Exploring Careers For High School Students

Careers for High School Students

High school students who want to explore potential careers should first ask themselves what they enjoy and what they’re good at. This will help them narrow down their choices and focus on the careers that are right for them. For example, if you like being outdoors and working with animals, you might consider becoming a veterinarian or zookeeper. If you like working with people and helping others, you might consider becoming a teacher. Or if you enjoy designing things, you might want to become an architect or engineer.

Before starting your job search, make sure that you have gathered all of the information about the different types of careers open to high school students. You can find this information in books written for teenagers as well as online at your local library or job center’s website. When possible, talk with older people who work in various professions or attend career fairs where companies come together to meet with high school students who are interested in learning more about their company and possible career paths within it.

When deciding which type of career is right for you, keep these eight tips in mind: 1) Make sure that it fits into your interests 2) Make sure it fits within your budget 3) Make

Exploring Careers For High School Students

It’s an awesome thing to give teens motivation and purpose behind their education – experts say this can increase their focus, interest, and even get more of your students to graduate.

The thing is: most students can’t name very many careers or job types. It’s because they haven’t been exposed to tons of industries, careers, vocations, or even jobs.

That’s why career awareness and career exploration for students is so important at this stage in life.

These career sites for high school students will help them to first cast a broad net into career and skillset exploration, and then to narrow their lists down enough so that that they can do meaningful career and job research.

Helping High School Students Choose a Career
Before we jump into these great websites, let’s put a little structure to how you can help a high school student choose a career.

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Plus, let’s manage our expectations a bit. I mean, it’s not 100% likely that a high school student is able to pick out what they want to be (even after they go through all this career exploration) at this age.

And that’s okay!

I think it’s important to help them narrow down 2-4 possible fields, and then put in some research into those. Using the websites below.

Here are some steps to help high schoolers pick 2-4 career fields to research:

Step #1: Skillset Identification
First, you need to help a student figure out what their skill set is.

Step #2: Interests Identification
Then, you need to help them figure out what they’re interested in doing, that is a paid position.

Step #3: Match Skillset and Interests to Career Fields
Where these two things intersect is where they should be looking for careers and jobs.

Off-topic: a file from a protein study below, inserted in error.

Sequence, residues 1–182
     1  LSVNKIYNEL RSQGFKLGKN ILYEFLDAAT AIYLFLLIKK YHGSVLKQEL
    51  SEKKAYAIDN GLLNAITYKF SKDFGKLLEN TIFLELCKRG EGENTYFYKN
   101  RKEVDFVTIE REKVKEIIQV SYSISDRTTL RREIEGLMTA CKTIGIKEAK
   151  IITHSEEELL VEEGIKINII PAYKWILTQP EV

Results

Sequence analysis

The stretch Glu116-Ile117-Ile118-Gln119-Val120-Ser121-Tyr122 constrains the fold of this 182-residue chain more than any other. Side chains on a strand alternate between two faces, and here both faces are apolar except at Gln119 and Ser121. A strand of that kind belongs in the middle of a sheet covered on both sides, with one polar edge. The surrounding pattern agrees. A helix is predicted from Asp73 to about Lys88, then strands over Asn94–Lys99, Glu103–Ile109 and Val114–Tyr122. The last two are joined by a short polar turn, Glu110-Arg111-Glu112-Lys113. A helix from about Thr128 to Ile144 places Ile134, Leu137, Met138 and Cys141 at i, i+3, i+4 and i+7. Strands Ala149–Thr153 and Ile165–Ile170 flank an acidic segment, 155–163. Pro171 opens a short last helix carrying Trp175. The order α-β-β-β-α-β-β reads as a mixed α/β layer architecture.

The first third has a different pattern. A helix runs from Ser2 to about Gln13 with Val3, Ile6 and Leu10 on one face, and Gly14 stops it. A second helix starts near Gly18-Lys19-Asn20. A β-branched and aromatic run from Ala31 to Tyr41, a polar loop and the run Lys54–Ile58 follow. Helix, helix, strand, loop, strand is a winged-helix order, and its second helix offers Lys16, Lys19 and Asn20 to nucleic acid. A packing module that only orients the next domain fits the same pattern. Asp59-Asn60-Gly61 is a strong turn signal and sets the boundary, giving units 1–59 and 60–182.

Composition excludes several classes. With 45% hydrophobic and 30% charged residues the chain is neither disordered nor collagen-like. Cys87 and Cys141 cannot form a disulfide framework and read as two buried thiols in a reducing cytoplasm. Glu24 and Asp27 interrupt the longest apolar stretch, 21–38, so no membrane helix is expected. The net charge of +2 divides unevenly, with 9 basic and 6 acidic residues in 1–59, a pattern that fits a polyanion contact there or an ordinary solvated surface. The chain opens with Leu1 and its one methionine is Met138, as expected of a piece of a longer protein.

BUT, they might have a ton of different industries/jobs/careers that come back from this stage.

So, they’ll need to narrow that list down to do meaningful career research.

Step #4: Narrow Careers Down
Once they’ve narrowed down to 3-5 different jobs, they’ll want to run each through a research phase to learn more.

Step #5: Research those Careers to Find Out More
Researching a career:

Income Ranges
Education Requirements
Skills Requirements
Different job types
Day in the Life
Reading career books for students
Let’s dive into how to do all of this, with some pretty awesome + free career sites for high schoolers.

Career Sites for High School Students – Skills Exploration
This section of career sites for high schoolers is dedicated to free online quizzes that will help your students figure out what their current skill set is, and which ones they might want to develop further.

  1. Princeton Review’s Career Quiz
    screenshot of career test on princeton review’s career site
    Students will need to register (for free), and then answer a series of 24 questions.

They’ll then receive one of four “interest colors” for “Your Interest” and “Your Style”:

Red: Expediting
Green: Communicating
Blue: Planning
Yellow: Administrating
For example, I received Yellow for both. Which means I’m interested in jobs that require organizing and systematizing, and my style is to work where in an orderly manner with few surprises (haha!).

You can then tab over to “Recommended Careers” for a list specific to your interest and style.

Bonus: One of my recommended careers? Is a small business owner…which I am. Woohoo!

  1. Career Girls Career Quiz
    screenshot of career girls career quiz, free career resources for schools
    Here’s a personality-based career quiz for girls that offers 35 different characteristics they can check off about themselves (multiple choice is totally allowed).

Then, based on those personality traits, they’ll receive a list of appropriate careers.

For example, I plugged in about 10 different ones about myself, and got the following list of potential careers:

Real Estate Agent
Athletic Trainer
Physical Therapist
Social Worker
Human Resources Manager
Fitness Trainer
Emergency Management Director

  1. O*Net Interest Profiler
    Gives you RIASEC interest levels, which correspond with different jobs.


Exploring Careers For High School Students

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